Strand PHIL.II Philanthropy and Civil Society
Standard PCS 02. Diverse Cultures
Benchmark HS.1 Analyze philanthropic traditions of diverse cultural groups and their contributions to civil society.
Benchmark MS.1 Examine several examples of philanthropic traditions practiced in diverse cultures.
Benchmark E.1 Give examples of philanthropic traditions of diverse cultures.
Benchmark MS.2 Describe the importance of hearing all voices in a community and respecting their right to be heard.
Benchmark E.2 Discuss the importance of respect for others.
Benchmark HS.2 Give examples from history of how intolerance of ideas, religion, and minorities contributed to social disintegration.
Benchmark HS.4 Identify constitutional principles that protect minorities in a republic. Relate these principles to the role of nonprofit organizations.
Benchmark MS.5 Discuss examples of groups denied their rights in history.
Standard PCS 03. Philanthropy and Economics
Benchmark HS.8 Compare actions for the common good in a variety of economic systems.
Standard PCS 05. Philanthropy and Government
Benchmark HS.12 Explain why private action is important to the protection of minority voices.
Benchmark MS.12 Identify the dilemma of minority rights in a pure democracy.
Benchmark MS.8 Define civil society.
Standard PCS 07. Skills of Civic Engagement
Benchmark MS.2 Discuss a public policy issue affecting the common good and demonstrate respect and courtesy for differing opinions.
Benchmark HS.2 Discuss a public policy issue affecting the common good and demonstrate respect and courtesy for differing opinions.
Strand PHIL.IV Volunteering and Service
Standard VS 02. Service and Learning
Benchmark MS.1 Select a service project based on interests, abilities and research.
Benchmark E.1 Select a service project based on interests, abilities, and research.
Benchmark HS.1 Select a service project based on interests, abilities, and research.
In this lesson, students examine myths about immigration and research credible sources to find truths to share with others in a Myth-Buster poster. For younger students, they celebrate differences in our school and local community as strengths.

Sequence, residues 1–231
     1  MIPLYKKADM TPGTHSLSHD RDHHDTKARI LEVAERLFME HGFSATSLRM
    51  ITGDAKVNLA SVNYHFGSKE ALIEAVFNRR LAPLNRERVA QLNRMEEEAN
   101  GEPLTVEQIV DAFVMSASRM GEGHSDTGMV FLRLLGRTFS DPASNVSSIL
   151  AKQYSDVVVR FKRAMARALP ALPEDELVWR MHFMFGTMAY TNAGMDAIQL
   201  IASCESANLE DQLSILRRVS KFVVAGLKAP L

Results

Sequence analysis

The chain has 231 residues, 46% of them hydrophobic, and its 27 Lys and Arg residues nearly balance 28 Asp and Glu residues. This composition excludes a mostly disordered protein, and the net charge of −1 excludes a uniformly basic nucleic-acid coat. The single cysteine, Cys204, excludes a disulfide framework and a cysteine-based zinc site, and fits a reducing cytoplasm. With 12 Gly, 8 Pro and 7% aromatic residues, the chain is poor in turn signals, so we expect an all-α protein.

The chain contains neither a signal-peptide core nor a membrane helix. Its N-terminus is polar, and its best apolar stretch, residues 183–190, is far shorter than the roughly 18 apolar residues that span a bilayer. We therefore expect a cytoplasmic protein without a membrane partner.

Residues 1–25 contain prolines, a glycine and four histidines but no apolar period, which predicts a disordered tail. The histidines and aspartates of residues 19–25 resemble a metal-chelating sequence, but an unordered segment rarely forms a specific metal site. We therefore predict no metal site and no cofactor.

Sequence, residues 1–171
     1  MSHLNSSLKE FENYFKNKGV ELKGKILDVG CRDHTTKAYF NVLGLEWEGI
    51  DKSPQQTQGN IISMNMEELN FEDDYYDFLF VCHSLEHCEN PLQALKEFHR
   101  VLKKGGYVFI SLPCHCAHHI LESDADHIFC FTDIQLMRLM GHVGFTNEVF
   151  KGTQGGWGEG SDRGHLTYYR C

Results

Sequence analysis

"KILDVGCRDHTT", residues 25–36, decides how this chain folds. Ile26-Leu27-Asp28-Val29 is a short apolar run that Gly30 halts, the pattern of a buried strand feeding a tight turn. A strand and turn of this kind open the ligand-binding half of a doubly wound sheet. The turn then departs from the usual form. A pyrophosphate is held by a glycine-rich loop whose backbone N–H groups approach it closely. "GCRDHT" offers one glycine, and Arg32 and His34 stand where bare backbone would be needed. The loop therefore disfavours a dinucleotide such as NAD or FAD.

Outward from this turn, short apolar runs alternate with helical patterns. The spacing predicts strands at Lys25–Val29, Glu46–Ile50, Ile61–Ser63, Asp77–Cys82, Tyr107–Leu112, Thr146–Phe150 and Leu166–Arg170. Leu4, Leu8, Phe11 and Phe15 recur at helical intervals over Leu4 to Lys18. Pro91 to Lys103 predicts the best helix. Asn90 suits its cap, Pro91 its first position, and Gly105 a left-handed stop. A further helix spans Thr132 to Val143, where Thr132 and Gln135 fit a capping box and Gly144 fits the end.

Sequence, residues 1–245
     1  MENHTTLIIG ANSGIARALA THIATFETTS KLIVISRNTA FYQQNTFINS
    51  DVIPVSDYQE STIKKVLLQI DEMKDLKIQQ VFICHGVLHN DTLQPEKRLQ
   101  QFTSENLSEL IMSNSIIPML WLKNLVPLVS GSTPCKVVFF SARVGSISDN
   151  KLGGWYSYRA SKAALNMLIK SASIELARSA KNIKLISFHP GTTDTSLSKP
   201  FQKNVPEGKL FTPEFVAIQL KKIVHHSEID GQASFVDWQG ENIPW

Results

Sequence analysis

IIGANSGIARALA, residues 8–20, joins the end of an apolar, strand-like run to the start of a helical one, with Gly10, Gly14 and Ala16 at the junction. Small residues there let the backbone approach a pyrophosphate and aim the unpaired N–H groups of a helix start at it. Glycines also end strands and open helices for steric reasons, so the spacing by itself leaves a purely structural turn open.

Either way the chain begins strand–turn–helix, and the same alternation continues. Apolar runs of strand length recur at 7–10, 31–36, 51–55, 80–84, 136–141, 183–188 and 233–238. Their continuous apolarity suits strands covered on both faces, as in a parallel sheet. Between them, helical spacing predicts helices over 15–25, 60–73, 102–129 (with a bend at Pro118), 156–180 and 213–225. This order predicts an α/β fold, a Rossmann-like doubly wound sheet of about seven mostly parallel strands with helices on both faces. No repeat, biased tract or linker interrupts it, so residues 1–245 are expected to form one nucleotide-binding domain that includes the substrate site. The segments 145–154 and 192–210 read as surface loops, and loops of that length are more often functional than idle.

The learners will:
- identify misconceptions about immigration.
- discuss opinions and questions about immigration.
- research factual information on the subject.
- attempt to "bust myths" about immigration by sharing facts.
- copy of the PowerPoint slide show to facilitate this lesson (below)
- butcher paper, construction paper, or large dry erase board for stations activity
- supplies for the Myth-Busters posters service project
Resources with Facts about Immigration:
- read-aloud book on immigration List: http://teacher.scholastic.com/lessonplans/unit_ancestors_books.htm
- "Ten Myths About Immigration" article https://www.tolerance.org/magazine/spring-2011/ten-myths-about-immigration
- Anti-Defamation League "Facts and Myths about Immigration" https://www.adl.org/resources/fact-sheets/myths-and-facts-about-immigrants-and-immigration-en-espanol
- ACLU Immigration Myths and Facts https://www.aclu.org/files/pdfs/immigrants/myths_facts_jan2008.pdf
- YouTube video "Dispelling the Most Common Myths about Immigration" https://www.youtube.com/watch?v=hD87F7ikkM8
Adapt this one-period lesson plan for any grade level and follow it with a simple and powerful service project on MLK, Jr. Day. The reflection brings learning and service impact together.
Anticipatory Set: (20 minutes)
Students do a SEE, HEAR, FEEL reflective activity while they watch a video about understanding immigrants. Tell them to try to separate what they see, hear, and feel while they watch.
- SEE: Record observations of things you see. The observations should be only facts, no feelings or opinions at this point.
- HEAR: Record observation of things you hear. The observations should be only facts, no feelings or opinions.
- FEEL: Lastly, record how the clip makes you feel. Do not record interpretation or beliefs, just feelings.
Show one of these YouTube videos, and then hold class discussion of the SEE, HEAR, FEEL activity. Talk about ways we can separate facts from opinion and use credible sources for facts.
- Newcomers High School (8 minutes) shows students in two different schools coming together to dialogue about differences and combat bias about immigrants. https://www.youtube.com/watch?v=33OINi3xVbc